With "Duplicity," the infamous sophomore slump hits writer-director Tony Gilroy (2007's "Michael Clayton
") with the force of a giant meteorite barreling below the surface of the planet and making contact with the earth's crust. A caper without intrigue and a romance without humanity, this disastrously wasteful star vehicle manages quite the feat by both crushing the viewer's soul and devouring their spirit in two hours flat. The "too-cool-for-school" stylizationswatch out for zooming split screensmight work to compliment better material, but here its only purpose is to try and create a distraction from the picture's gross superficiality. If that weren't enough, the glacial pacing and utterly insufferable stick figure characters put up quite an argument for the preferable entertainment value of watching paint dry.
In editing the project, Tony Gilroy has seemingly thrown the scenes up in the air and cut them together whichever way they've landed. How else to explain the disjointed narratives race through time, moving back and forth courtesy of intertitles that read "Five Years Later," "Two Years Ago," "Eighteen Months Ago," "Three Months Ago," "Twelve Hours Later," etc.? There's more time travel on display than in the "Back to the Future" trilogy, and it serves no detectable purpose other than to frustrate audiences who have no way of emotionally connecting to anything on the screen. As is, the plot initially appears complex verging on inscrutable. Put it in chronological order, however, and what you have is an embarrassingly empty and decidedly ridiculous story that ostensibly boils down to CIA agent Claire Stenwick (Julia Roberts) and MI6 operative Ray Koval (Clive Owen) battling wits and double-crossing each other as they, apparently, fall in love. Their ultimate goal is to steal the formula for a not-yet-announced shampoo product that restores life to dead hair follicles and make a mint off of it. Seriously.
It doesn't take but a minute for Julia Roberts (2007's "Charlie Wilson's War
") to show off her irresistible mega-watt smile in the opening scene of "Duplicity." Before the halfway point, she and dashing co-star Clive Owen (2009's "The International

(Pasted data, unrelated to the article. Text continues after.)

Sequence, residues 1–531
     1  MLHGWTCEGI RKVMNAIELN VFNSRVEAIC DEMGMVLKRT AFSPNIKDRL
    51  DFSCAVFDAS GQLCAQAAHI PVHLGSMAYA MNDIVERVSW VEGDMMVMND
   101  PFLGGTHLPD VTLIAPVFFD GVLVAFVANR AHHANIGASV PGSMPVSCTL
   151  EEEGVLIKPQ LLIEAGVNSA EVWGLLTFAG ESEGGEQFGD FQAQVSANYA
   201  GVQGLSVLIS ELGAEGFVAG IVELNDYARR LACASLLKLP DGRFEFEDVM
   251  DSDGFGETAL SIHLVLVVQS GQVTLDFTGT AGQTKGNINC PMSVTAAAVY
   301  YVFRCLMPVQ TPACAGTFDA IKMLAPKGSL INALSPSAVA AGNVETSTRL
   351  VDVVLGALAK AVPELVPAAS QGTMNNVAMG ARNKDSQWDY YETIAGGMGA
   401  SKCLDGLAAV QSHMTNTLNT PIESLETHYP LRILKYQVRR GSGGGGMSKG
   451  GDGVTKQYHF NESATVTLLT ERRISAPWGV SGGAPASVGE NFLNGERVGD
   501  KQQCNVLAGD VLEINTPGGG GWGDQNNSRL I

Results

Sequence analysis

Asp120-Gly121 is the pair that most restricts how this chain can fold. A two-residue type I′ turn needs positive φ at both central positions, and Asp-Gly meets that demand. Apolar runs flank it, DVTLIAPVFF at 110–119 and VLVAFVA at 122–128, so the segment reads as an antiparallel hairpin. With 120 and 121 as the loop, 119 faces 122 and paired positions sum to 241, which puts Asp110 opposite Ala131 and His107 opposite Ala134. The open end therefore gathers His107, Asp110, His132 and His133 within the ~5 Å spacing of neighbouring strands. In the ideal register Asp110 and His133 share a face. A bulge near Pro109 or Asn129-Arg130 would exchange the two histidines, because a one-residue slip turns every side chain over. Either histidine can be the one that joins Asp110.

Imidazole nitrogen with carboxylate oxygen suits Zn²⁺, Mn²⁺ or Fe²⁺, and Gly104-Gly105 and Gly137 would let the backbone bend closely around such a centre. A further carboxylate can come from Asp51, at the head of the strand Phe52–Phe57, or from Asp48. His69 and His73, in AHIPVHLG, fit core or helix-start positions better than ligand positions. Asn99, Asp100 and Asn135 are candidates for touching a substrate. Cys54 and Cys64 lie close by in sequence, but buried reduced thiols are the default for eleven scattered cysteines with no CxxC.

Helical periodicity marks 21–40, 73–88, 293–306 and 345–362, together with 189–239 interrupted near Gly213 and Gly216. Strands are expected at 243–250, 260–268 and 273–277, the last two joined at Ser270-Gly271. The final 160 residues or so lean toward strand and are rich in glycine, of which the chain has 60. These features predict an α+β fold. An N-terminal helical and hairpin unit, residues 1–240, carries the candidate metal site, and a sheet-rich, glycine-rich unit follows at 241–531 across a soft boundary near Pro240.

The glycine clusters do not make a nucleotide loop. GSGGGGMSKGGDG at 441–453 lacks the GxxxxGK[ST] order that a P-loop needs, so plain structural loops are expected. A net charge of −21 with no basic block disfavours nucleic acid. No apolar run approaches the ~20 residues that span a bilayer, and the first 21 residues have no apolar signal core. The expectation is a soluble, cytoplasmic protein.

") will be stripped of all the charm that these two movie stars possess. Playing rotten, lying, thieving individuals is fine and dandy, but when a movie's romantic leads are all of the above and free of a single non-physical attribute in sight, how is one supposed to care at all about them or their relationship? Claire and Ray do not resemble real people, but ruinous, one-note screenplay constructs who have no backgrounds, no family, and seemingly no life outside of what is seen on the screen. Their actions are deplorable, their ruthless dishonesty is tedious, and their roles are defined merely by slick, shallow affectations. The potential chemistry between Roberts and Owen, spending less time together in front of the camera than expected, is declared null and void by Claire's and Ray's sheer unpleasantness. Watching them interact is like watching two hostile alien races attempt to communicate. There isn't an ounce of gravitas
or electricity between them.
Pawns in a really, really awful game of Chess, Julia Roberts and Clive Owen (along with the throwaway participation of Paul Giamatti and Tom Wilkinson as feuding corporation heads) must contend with a nightmare of storytelling as perfunctory and depthless as their characters. Writer-director Tony Gilroy is so in love with ogling Roberts' cleavage and Owen's smoldering glances that he has forgotten to put anything behind it. He hardly has time to reveal the plot by the one-hour mark, and then when it is revealed and motives are sorted out it comes as a preposterous anticlimax. Overflowing with boring dialogue, uninformed exposition, and a single suspense scene that has all the tension of drifting peacefully to sleep, the film sinks further into oblivion the longer it plays out. Even the attractive exotic locations, from the Atlantis resort in the Bahamas, to Dubai, to Rome, to New York City, are squandered to a shockingly forgetful photographic degree. When Gilroy isn't striving for obnoxious aesthetics (i.e. a slow-motion opening credits fight between Giamatti and Wilkinson), cinematographer Robert Elswit (2007's "There Will Be Blood
") is suffocated by the filmmaker's stagnant, scope-deficient demands.
There are plenty of bad motion pictures, and then there are bad
motion pictures. "Duplicity" fits snugly in the latter, more rare category, a big-budget, big-studio endurance test that is downright painful to withstand. Claire and Ray, as believably intimate as a feuding brother and sister, receive something of a well-deserved comeuppance by the end, but in delivering this last-scene afterthought posing as a twist, the film is rendered even more pointless than it already had been. Add in nonsensical editing, an asinine premise, laughless attempts at humor, stilted dialogue, and an overall smarmy, distasteful undercurrent to its bag of miserable insensitivity, and what is left is a crater where a film should be. "Duplicity" goes so wrong in so many ways that it is beyond repair.